At the Paper Mill Playhouse in Millburn, New Jersey, a group of children are learning the joy of theater.
Tammy La Gorce writes in the NY Times that the playhouse now has a class for children with disabilities.
“The class is a logical next step for Paper Mill, which last year began offering a series of sensory-friendly presentations for children with autism in its ‘Theater for Everyone’ programming. Sensory-friendly shows are scripted to be more literal, with innuendo kept to a minimum, and the theater’s lighting and volume are adjusted to help audience members feel more comfortable.
“This year, in a partnership with VSA New Jersey, a nonprofit organization that provides arts programming for children and adults with disabilities, Paper Mill joined the ranks of theaters welcoming such children who have an interest in learning to perform.
“Parents of children with developmental disabilities ‘are seeing the benefits of arts education,’ said Lisa Cooney, 46, director of education for Paper Mill. ‘And they’re a lot more proactive than they used to be.’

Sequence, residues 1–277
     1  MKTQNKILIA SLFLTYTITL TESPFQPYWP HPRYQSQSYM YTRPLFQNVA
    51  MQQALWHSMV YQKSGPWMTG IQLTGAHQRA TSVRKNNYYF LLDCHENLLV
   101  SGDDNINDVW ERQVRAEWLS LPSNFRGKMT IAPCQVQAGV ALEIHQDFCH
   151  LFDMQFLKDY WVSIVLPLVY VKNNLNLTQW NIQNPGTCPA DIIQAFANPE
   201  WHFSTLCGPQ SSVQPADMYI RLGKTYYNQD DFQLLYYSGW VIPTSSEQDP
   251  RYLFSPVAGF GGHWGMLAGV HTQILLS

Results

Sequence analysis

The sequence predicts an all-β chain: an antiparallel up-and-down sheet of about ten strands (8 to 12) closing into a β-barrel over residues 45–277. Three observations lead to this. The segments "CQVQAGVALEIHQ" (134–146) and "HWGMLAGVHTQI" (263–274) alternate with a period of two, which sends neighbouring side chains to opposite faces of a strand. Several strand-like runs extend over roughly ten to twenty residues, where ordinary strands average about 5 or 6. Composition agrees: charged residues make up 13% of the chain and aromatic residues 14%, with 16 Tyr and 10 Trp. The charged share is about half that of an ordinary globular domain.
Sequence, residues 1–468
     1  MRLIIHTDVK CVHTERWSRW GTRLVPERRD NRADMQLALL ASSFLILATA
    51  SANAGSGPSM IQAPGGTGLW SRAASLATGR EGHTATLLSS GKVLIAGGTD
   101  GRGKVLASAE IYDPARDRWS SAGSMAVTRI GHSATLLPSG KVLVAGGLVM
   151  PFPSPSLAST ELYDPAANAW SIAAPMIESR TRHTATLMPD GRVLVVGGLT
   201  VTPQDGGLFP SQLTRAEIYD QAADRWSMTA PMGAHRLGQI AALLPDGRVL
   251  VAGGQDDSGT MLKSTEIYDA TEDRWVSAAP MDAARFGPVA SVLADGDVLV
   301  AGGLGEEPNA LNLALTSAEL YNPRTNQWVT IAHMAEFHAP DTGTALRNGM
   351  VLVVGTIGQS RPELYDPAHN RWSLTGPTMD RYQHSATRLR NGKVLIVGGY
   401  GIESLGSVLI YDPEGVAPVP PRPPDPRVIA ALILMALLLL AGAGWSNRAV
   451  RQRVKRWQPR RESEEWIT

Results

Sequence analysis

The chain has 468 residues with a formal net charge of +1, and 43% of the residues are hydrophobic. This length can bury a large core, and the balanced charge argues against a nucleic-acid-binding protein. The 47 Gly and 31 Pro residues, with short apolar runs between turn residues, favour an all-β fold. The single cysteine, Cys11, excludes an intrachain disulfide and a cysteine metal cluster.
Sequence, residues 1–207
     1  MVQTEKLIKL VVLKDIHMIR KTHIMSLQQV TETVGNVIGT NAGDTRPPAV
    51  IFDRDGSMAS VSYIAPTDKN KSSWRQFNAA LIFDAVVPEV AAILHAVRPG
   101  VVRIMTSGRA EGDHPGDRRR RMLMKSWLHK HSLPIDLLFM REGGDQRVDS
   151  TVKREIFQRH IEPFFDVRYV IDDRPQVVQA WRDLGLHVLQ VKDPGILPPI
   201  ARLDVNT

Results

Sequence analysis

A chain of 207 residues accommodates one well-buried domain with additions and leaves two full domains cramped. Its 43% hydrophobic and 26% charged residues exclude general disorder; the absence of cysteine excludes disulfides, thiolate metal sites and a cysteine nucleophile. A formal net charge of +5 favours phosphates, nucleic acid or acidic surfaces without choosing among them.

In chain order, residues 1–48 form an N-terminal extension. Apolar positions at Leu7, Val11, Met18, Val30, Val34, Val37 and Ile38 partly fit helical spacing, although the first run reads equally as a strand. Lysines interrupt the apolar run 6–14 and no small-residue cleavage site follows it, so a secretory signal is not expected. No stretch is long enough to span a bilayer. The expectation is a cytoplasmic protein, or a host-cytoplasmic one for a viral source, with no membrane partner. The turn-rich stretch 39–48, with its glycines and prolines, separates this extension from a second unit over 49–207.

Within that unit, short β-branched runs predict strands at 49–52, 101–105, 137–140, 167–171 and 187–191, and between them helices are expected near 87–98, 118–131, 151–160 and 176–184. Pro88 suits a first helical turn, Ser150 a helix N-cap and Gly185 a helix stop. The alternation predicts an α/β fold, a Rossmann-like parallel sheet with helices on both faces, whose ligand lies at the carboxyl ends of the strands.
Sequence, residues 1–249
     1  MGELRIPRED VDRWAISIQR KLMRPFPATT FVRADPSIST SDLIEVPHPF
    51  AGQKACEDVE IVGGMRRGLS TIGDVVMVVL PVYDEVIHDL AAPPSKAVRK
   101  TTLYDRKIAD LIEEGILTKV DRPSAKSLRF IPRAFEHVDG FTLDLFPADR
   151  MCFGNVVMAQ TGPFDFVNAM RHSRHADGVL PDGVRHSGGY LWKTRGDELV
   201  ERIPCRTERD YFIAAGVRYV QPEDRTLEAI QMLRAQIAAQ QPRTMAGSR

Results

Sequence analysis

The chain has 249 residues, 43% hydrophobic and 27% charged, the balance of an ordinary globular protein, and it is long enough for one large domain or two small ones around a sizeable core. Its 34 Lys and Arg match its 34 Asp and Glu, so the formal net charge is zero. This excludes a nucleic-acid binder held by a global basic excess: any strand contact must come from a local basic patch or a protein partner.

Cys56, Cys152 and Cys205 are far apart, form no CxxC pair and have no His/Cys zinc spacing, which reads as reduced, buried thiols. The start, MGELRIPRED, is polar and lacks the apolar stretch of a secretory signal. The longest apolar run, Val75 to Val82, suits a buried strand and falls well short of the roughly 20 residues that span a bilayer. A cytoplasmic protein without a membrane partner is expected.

“Those who run the programs find them rewarding as well. The children ‘give so much to us,’ said Mickey McNany, the director of Paper Mill’s Theater School, after the recent class. In it, her 10-year-old granddaughter, Mary McNany, who has Down syndrome, identified Mozart as the composer of ‘Eine kleine Nachtmusik,’ performed an improvised roller-skating scene and used sign language, as well as her voice, to sing a song.” Read more.
Below, Marnie McNany takes part with her children Finn and Mary.
Photograph: Aaron Houston for the New York Times